How Do You Bond With A Rescue Rabbit?

Rabbits can be a bit timid. This makes sense, as they are prey animals in the wild. Before you can win Floppy’s love, you’ll have to earn her trust. Good TLC will go a long way here, but you’ll want to make your rabbit feel safe.

Here are a few pointers:

Don’t Force Things: It may take your bunny some time to warm up to you. In fact, Floppy may not feel safe until several months have passed. Don’t rush things!

Talk To Her: Talking to your furry companion can go a long way towards helping her feel safe. Always use friendly, gentle tones. Pay attention to those cute ears, and watch for reactions. It doesn’t matter what you say: the tone of your voice is more important.

Offer Yummy Treats: Food can go a long way towards earning animals’ trust. This is where Floppy’s sweet tooth can come in handy. Your pet may go a bit bonkers for things like sliced apples or strawberries, dried bananas, and melons. Just stick with safe things, and don’t go overboard.

Get Down To Floor Level: If you think about it, you’re pretty much a giant. Sit or lay down on the floor, so you aren’t towering over your best buddy.

Don’t Scare Your Rabbit: Avoid making loud noises or sudden movements. Rabbits tend to be a bit nervous. You could inadvertently frighten your pet.

Let Love Grow: Don’t force attention on Floppy. Avoid picking her up or holding her against her will. This may scare her, which will do more harm than good in the long run. Always let your cute pet come to you. You can try holding out treats, or even some grass.

Learn Bunny Body Language: All of our animal companions have their own forms of nonverbal language. Happy bunnies tend to be very curious and playful. Really happy bunnies may reward you with binkies, which is an informal term for bunny happy dances. However, it’s also important to know the signs of anxiousness. These include freezing, sitting in a hunched position, acting aggressive, flattening the ears.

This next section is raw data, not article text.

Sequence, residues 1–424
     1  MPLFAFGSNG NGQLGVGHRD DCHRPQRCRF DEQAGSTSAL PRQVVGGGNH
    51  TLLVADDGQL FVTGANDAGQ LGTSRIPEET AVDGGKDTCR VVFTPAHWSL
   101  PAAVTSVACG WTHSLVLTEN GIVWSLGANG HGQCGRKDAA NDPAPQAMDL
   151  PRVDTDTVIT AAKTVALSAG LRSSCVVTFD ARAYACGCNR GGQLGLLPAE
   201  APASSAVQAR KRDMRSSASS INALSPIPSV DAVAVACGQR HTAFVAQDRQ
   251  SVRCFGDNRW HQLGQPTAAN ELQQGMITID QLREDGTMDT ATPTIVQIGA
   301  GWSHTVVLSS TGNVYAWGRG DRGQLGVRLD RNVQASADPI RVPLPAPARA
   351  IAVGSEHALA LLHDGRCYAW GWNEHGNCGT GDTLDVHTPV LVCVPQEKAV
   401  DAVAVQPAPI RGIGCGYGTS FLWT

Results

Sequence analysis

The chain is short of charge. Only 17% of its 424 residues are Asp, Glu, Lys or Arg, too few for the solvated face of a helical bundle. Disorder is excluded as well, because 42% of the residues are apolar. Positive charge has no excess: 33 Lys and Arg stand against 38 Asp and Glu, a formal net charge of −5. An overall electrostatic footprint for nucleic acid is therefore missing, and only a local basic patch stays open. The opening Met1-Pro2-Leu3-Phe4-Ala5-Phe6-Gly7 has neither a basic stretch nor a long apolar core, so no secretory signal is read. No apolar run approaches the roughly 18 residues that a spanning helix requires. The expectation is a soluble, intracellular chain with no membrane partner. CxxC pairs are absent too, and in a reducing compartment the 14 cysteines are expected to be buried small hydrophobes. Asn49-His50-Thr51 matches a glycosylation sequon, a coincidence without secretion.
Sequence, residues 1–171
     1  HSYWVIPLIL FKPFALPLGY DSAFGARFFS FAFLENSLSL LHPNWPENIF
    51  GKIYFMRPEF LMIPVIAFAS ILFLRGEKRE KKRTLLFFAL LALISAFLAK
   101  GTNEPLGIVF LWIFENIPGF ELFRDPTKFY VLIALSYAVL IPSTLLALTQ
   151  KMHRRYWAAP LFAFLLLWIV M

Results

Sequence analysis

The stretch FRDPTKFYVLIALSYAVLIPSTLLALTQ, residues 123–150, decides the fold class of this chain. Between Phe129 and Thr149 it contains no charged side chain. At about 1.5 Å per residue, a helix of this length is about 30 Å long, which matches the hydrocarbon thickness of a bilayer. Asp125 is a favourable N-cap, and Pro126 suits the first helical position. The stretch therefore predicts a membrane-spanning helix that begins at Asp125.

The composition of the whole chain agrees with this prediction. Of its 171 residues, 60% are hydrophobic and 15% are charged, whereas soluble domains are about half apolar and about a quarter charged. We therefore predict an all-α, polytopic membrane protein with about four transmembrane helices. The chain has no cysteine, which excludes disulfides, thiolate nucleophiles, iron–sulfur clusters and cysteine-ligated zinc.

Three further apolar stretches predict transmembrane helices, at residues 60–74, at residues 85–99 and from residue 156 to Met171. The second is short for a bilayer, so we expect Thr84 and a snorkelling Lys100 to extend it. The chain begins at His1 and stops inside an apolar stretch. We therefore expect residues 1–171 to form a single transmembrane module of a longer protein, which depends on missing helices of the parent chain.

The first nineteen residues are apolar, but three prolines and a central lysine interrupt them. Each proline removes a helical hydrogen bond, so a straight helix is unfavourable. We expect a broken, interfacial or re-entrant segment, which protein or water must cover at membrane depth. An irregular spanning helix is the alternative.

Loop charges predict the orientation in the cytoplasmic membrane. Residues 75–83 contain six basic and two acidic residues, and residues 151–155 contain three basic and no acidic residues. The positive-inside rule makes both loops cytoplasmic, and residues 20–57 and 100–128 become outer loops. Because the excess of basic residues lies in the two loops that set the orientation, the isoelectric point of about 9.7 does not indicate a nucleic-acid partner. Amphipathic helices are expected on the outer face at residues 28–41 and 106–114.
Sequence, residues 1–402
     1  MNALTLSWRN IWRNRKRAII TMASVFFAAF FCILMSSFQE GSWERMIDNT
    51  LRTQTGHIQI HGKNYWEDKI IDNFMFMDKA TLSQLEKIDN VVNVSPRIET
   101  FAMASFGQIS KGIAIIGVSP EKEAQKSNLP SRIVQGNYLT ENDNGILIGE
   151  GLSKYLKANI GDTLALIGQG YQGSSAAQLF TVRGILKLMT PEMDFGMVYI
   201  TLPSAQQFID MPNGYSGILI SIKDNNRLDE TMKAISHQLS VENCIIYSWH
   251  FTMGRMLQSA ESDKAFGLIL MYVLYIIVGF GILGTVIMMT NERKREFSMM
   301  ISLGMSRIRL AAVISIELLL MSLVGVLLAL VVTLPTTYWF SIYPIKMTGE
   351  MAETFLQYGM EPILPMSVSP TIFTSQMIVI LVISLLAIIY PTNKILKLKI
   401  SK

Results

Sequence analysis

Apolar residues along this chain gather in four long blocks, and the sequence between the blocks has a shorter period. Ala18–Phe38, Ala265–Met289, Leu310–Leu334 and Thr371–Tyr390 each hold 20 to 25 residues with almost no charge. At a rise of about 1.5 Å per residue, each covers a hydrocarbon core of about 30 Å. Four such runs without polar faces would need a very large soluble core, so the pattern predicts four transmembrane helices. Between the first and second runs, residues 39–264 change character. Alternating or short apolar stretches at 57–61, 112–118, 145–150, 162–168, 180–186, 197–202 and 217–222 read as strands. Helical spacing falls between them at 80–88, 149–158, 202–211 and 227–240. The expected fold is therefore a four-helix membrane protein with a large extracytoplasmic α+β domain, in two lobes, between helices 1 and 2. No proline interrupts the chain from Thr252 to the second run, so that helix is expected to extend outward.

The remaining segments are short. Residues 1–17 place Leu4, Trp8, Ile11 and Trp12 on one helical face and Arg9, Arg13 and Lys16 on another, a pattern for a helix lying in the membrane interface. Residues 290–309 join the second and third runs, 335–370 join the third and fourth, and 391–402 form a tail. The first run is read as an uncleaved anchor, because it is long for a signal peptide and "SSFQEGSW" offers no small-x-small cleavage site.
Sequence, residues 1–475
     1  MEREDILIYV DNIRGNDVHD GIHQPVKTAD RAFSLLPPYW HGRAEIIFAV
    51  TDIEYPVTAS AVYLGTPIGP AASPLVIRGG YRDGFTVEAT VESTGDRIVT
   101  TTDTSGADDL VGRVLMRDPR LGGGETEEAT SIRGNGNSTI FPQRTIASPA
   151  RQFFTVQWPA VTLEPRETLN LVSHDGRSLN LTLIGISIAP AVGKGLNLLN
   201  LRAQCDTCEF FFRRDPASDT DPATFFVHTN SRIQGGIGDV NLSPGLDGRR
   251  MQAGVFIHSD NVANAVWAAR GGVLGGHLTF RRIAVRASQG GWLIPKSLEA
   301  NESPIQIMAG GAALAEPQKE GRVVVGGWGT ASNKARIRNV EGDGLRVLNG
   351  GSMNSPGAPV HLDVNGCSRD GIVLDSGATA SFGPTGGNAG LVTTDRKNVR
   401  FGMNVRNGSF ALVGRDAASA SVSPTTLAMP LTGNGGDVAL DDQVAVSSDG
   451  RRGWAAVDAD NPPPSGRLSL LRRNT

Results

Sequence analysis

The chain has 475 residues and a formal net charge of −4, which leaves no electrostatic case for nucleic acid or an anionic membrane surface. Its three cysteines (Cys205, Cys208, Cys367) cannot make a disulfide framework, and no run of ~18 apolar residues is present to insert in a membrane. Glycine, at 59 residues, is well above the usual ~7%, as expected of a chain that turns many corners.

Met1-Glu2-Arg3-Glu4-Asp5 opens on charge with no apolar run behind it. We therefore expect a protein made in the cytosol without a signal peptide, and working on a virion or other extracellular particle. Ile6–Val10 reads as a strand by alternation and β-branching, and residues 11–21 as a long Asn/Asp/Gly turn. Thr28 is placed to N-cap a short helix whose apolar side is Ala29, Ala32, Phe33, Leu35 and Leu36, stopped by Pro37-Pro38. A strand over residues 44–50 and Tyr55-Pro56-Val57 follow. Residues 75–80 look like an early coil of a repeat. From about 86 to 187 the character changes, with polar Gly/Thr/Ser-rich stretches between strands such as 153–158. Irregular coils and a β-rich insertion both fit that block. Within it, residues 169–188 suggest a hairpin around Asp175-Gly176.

What Do I Need To Know Before Adopting A Rabbit?

Whether you’re adopting a bunny or just considering it, you’ll want to do a lot of research. We can touch on the basics in this blog, but there’s a lot more to learn.

That said, we’ll go over a few of the key points here:

Bunnies Need To Chew

This is one of the most important things for new bunny owners to understand. Floppy isn’t trying to be destructive: she’s trying to keep her teeth healthy. Wild bunnies eat a lot of tough roots and fibers. Their teeth are made to hold up to a lot of wear and tear: in fact, they never stop growing. Because pet rabbits have much softer diets, they have to chew things to keep their choppers from getting too long. 

You don’t have to break the bank here: many cardboard, wood, and wicker items are fine. Just don’t offer anything with small parts or sharp edges. You can also offer safe fruit tree branches, as long as they have been cleaned. 

Petproofing Is A Must

You’ll need to make your home safe for your furry companion … and protect your belongings from those little teeth. Petproofing is key. That means keeping anything you don’t want Floppy gnawing on out of reach of those cute paws. You’ll also need to use protective coverings on this like furniture legs, baseboards, or wires. Ask your vet for specific advice.

Rabbits Are Social 

Floppy may be small, but she has a big personality and makes a really fun pet. However, she may be lonely if she’s an only rabbit: these guys are often happiest with a buddy. Consider adopting a bonded pair. 

In Conclusion: Rabbits make wonderful pets, but it’s important to look before you leap. Do plenty of research, and make an informed decision before bringing Floppy home. 

Do you have questions about caring for a bunny? Contact us, your local Bowmanville, ON veterinary clinic, today!